Will Sampson, a 31-year-old fishing guide who runs Detour Fishing Charters in Toronto, Canada, recently landed a nice muskie. Local conservationists are hailing it as the first documented muskie in city waters in recent memory.
Sampson and his friend, Kacper Golinski, were fishing last weekend on Lake Ontario between Toronto Island and the downtown waterfront when he hooked the muskie. “When it first hit, we knew it was a good fish, but not until it got to the boat and we saw it was a muskie – that’s when the adrenaline kicked in,” Sampson told local news station CP24 . The fisherman has fished in the harbor all his life. He says his knees buckled when he realized exactly what he had on the end of his line.
Catching a big muskellunge, widely known as “the fish of 10,000 casts”, is a thrill no matter where you do it. Catching one that’s 43 inches long in the shadow of downtown Toronto is, apparently, downright mythical. “It was definitely a shock,” Sampson told CBC News. “We knew we had caught a unicorn.”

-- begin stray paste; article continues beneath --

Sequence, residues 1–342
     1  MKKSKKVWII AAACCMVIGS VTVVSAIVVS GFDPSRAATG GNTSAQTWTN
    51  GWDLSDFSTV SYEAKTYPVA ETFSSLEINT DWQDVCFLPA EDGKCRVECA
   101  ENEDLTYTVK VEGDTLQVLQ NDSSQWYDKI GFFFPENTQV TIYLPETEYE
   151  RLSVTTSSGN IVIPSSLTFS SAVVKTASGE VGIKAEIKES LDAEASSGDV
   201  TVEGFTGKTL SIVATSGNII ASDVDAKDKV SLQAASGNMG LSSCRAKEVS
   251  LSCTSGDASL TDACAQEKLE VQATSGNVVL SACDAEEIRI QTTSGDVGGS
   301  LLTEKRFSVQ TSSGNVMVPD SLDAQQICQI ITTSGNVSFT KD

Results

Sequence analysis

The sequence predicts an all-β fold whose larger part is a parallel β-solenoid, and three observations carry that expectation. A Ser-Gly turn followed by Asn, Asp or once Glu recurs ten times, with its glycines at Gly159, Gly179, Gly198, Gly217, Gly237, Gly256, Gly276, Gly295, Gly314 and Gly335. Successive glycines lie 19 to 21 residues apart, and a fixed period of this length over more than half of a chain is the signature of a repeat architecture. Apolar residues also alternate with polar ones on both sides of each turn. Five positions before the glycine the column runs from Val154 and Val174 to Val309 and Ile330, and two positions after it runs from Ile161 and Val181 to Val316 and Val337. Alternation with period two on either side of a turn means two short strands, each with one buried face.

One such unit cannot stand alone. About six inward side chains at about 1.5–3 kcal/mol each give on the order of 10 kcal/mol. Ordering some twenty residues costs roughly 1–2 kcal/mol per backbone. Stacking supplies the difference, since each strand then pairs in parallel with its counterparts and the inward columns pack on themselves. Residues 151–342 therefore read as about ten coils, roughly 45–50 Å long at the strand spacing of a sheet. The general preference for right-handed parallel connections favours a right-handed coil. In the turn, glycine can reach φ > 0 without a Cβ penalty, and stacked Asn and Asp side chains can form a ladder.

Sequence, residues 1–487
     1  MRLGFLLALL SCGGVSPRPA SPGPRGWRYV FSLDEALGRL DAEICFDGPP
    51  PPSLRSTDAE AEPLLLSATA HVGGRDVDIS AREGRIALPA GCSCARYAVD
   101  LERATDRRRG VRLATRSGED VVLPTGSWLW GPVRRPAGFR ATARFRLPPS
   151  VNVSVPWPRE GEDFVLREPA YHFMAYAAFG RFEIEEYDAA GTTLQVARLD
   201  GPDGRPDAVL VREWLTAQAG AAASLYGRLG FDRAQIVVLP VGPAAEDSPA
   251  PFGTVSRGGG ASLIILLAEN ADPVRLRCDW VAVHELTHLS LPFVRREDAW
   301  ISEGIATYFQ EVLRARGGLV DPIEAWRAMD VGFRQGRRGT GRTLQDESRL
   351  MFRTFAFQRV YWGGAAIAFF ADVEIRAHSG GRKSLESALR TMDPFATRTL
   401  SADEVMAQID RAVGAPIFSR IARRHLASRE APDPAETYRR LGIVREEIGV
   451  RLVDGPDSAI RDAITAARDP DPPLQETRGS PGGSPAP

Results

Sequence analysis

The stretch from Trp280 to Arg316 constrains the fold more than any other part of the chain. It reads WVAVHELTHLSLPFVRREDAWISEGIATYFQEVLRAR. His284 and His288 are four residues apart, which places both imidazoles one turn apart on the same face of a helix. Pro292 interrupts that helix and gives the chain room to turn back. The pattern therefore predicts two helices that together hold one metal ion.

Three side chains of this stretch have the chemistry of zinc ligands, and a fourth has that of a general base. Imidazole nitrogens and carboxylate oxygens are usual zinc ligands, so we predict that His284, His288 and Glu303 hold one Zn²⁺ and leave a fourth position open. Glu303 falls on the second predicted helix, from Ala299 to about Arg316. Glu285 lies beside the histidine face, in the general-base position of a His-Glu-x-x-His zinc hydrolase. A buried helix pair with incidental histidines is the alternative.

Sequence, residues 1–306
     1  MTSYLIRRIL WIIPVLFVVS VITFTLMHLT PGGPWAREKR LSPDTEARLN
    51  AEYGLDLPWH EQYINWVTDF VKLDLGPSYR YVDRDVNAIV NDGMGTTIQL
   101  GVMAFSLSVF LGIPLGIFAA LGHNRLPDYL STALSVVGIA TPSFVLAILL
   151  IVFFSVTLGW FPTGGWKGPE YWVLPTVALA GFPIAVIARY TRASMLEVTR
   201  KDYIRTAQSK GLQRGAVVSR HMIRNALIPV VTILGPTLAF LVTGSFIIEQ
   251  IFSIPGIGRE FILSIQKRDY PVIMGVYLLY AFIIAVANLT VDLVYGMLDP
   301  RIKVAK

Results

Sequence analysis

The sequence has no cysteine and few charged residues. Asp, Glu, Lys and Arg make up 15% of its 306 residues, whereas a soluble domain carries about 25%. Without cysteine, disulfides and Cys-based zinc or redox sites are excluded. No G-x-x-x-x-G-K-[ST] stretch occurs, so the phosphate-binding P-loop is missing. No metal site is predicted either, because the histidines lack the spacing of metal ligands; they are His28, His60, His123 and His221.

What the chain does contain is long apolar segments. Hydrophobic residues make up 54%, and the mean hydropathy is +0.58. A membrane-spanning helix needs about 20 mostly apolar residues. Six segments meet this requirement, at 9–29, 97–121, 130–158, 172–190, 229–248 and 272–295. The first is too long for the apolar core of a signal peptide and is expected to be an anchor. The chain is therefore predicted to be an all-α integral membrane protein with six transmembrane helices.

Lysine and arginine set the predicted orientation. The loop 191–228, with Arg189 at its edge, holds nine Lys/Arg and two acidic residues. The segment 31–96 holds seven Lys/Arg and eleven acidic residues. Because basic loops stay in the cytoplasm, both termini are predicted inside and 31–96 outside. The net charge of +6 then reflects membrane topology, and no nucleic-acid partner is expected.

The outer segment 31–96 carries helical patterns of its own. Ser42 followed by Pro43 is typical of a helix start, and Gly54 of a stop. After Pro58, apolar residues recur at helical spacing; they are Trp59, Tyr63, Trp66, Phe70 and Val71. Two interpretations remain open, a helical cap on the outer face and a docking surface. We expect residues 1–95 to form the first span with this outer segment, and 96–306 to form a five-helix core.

Experts who monitor fish species in the area confirmed the rarity of Sampson’s feat. “Catching a muskie in Toronto Harbor is very uncommon,” said Rick Portis, senior director of aquatic monitoring and management for the Toronto Region Conservation Authority. “We’ve never had one in our catch in 30 years of environmental monitoring on the Toronto waterfront.”
— blogTO (@blogTO) November 1, 2022
Muskies are commonly found in other parts of Lake Ontario, and since the 1800s, there has been a thriving population in the Toronto area. But the urbanization of the seafront in the center of the city gradually destroyed the habitat that once supported the fish.
In recent decades, conservation projects, including the creation of wetlands and waterfront parks with naturalized areas, have focused on restoring natural habitat and improving the lake’s water quality.
“Finding a fish like this is a real sign of improved habitat and restoration activity on the Toronto waterfront,” says Portis. He predicts that muskies and walleyes, another rare fish in the area, could soon become more commonplace in Toronto waters.
Golinski, who marked the fish for Sampson, posted a video on Twitter of the pair releasing the muskie after photographing and measuring it. “We took good care of it,” Sampson told the Toronto Star, “and sent it back into the water so it could reproduce.”